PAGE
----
How Long Do Queen Bees Live? Interesting Insect Facts For Kids!

Oluniyi Akande
Oct 25, 2023 By Oluniyi Akande
Originally Published on Nov 16, 2021
Continue reading this article to find out how long do queen bees live.
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Age: 3-18
Read time: 9.1 Min

In the whole colony of bees, the queen bee is known to play the most important role.

The queen bee affects the hive in more ways than you can imagine. In fact, in the whole colony or hive, the queen is the largest bee!

The are many bee species like bumblebees, carpenter bees, honey bees, and many more unique species too. Bees live together in a colony or a hive and each bee plays a specific role in the hive.

It is the same in a honey bee colony or a bumblebee colony or any other bee colony for that matter.

A beehive will consist of a worker bee, a drone bee that is a male, and a queen bee who is the reproductive leader. Although worker bees are females and they and the queen bee have the same genetics, they do not breed as the role of egg-laying belongs to the queen bee.

This might make you wonder what is so different about the queen bee that means the queen only has the ability to produce.

The answer to this question is the queen's diet and dietary habits! The queen bee is a very fascinating creature and is considered to be like a mother to the hive.

A queen's lifespan is largely dependent on the type of bee it is. Any female bee larva has the potential and ability to become the queen bee.

The choosing of the queen bee is done by other members of the colony or worker bees.

The queen performs two essential roles. One is to produce or give out chemical scents which direct the bees as to what they should do while the other is to lay lots of eggs that will later develop to become drones, worker bees, and potential queen bees.

Producing over 1,500 eggs a day, a queen can easily produce over 1 million offspring in its lifespan and this ability reduces as it grows older with age.

When a colony of bees senses that the hive needs a new queen, they will begin the procedure of raising potential new queens. When the queen gives out low levels of pheromone, this process is initiated.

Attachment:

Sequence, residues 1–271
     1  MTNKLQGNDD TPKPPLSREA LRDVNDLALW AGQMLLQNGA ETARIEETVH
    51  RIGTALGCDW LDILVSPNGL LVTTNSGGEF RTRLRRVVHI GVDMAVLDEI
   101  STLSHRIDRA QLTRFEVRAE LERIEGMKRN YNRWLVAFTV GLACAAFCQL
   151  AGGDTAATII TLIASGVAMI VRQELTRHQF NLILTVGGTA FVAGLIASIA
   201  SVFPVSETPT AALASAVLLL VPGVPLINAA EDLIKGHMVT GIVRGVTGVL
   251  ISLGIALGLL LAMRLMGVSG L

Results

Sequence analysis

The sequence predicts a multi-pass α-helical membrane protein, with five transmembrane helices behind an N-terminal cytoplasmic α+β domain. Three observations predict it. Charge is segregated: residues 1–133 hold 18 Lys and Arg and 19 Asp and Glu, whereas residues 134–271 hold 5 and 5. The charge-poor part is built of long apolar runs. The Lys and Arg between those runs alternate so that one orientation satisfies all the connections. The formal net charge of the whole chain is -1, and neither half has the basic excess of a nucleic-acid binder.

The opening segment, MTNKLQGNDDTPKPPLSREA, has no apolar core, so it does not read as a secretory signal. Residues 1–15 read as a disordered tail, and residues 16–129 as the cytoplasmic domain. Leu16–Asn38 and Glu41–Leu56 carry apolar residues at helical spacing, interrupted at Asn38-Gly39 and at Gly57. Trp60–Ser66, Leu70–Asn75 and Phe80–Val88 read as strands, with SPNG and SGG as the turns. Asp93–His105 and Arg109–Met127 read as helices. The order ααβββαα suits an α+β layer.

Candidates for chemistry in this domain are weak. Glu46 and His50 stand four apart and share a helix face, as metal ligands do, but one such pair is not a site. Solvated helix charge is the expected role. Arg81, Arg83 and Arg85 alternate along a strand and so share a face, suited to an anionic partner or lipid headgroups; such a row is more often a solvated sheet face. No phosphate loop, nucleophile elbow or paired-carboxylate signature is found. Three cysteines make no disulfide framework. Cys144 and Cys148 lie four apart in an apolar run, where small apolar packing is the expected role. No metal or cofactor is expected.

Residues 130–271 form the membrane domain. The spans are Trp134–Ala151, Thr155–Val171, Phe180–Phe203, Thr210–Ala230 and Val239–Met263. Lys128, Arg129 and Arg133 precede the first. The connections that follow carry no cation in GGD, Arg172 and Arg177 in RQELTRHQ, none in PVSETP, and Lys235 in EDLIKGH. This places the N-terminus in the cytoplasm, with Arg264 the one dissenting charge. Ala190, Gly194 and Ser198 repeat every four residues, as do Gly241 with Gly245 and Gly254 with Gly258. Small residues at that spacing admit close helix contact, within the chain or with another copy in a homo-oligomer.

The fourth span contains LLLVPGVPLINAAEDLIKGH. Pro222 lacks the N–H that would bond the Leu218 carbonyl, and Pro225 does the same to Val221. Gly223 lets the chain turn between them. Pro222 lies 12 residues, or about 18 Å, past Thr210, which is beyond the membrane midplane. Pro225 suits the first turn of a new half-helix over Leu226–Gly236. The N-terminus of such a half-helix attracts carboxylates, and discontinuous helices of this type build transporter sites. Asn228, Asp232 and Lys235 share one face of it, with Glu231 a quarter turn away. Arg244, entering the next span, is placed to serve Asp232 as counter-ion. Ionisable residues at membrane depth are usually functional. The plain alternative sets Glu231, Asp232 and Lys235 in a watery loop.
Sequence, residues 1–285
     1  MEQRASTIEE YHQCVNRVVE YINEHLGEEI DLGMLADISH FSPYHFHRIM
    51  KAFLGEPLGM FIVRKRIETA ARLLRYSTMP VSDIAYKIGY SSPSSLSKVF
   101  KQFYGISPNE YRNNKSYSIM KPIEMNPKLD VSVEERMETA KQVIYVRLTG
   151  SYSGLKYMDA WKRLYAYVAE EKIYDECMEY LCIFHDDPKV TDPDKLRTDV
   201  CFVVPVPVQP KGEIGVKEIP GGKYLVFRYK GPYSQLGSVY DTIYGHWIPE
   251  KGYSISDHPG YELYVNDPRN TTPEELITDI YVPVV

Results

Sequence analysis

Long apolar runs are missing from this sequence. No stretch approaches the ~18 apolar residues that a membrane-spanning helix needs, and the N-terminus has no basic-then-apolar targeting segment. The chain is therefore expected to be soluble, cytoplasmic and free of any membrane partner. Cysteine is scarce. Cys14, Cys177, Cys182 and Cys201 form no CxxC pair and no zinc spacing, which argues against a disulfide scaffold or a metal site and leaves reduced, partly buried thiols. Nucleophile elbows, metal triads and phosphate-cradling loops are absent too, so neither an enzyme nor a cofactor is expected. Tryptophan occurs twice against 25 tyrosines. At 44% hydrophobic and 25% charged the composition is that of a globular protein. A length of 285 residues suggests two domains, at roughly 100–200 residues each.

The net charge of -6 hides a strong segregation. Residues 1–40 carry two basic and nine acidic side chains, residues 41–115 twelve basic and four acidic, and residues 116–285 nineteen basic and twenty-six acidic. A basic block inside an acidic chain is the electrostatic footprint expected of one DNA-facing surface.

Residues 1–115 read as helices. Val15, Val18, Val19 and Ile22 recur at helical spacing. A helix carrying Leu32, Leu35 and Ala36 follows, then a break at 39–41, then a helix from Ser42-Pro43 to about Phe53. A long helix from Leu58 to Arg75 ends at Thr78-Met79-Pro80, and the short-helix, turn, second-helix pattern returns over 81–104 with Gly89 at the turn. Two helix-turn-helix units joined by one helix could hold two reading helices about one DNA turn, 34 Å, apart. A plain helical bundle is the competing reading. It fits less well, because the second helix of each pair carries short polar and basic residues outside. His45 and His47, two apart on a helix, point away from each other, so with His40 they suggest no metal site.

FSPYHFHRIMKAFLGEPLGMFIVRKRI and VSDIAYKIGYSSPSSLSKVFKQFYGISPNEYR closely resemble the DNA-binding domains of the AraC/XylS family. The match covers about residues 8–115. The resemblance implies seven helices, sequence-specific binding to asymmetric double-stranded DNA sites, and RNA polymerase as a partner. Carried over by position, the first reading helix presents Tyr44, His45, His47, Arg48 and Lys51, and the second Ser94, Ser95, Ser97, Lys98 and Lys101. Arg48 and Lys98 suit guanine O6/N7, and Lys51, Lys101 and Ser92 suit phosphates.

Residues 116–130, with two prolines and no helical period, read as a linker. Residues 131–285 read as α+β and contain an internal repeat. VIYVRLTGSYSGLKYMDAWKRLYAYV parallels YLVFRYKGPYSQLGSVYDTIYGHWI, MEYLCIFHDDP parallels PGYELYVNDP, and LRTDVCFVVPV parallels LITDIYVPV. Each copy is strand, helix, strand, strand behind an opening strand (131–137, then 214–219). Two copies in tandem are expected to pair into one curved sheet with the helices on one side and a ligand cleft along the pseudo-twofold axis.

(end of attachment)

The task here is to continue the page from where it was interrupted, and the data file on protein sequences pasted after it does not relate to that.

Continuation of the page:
The nurse bees in the hive, which are usually the youngest bees, then find and select about 10-20 female bee larvae that are newly hatched.

They start feeding these larvae a strict diet of what is called 'royal jelly'. This so-called royal jelly is a white substance that is secreted from the top of the bees' heads and totally transforms the reproductive system of the female, thereby turning her into a queen!

The queens have their own quarters too where they develop queen cells. The cell has a cup-like shape and resembles a peanut.

As the larva is transforming into a full-fledged queen bee, the worker bees will cap or seal the cell as fully develops inside it. After 15 days have passed, the queen will chew its way out of this cell as an adult with help of a few worker bees.

Once its out, its next job is to kill its sister or the rest of the potential queens! The queen's stinger is used solely for the purpose of killing its competitors.

Once this battle is completed, it will then fly to mate for the first time. This mating flight happens in the air with many male drones and this mating period occurs only once throughout its life.

After mating, the queen will then return back to the hive as the mating has now given it the ability to lay fertilized eggs for the next three to five years.

If the old queen is still present in the hive when the new queen returns, the new queen will kill the old queen and look after the new eggs if there are any.

However, this is mostly not the case as the old queen leaves the nest with a few of the worker bees before the new queen is born.

Therefore, the new queen bee lives for three to five years, laying eggs throughout the hive and reviving the population.

If you enjoyed this article on how long do bees live, check out our European honey bee fun facts for kids and dragonfly vs damselfly articles that you are sure to love!

What is the maximum life of the queen bee?

Many insects are known to live short lives and the queen bee falls in this category too! Its lifespan depends upon the number of males or drones it mates with. In the life cycle that it lives, it only mates once and with many drones as possible in the air.

All the males that have mated with the queen die soon after or leave the colony and die in the cold of winter or out of starvation. Apart from being an egg-laying machine, a queen also gives out distinct chemical scents that direct the workers and drones in the colony or bee nest.

Colonies with well-mated queens have been observed to thrive the best. As soon as the workers detect a reduced production of pheromones and eggs in the colony, they will raise a new queen.

Even beekeepers replace the queens in the colonies every first or second year to keep the nest thriving.

As a result, domesticated queens have a very short lifespan and die early. A bee tends to live a solitary life without any mate!

When queens lay eggs, they can either be fertilized eggs or unfertilized eggs. Unfertilized eggs become male bees or drones.

The lifespan of a queen depends on what bee breed it belongs to. For example, the queen honeybee lives for up to five years, bumblebee queens live for only one year, and there is no concept of a queen bee when it comes to carpenter bees!

Therefore, it varies across species. Even if the worker bees are females and have the same genetics as the queen, it's only the queen who has the reproducing ability because of its diet.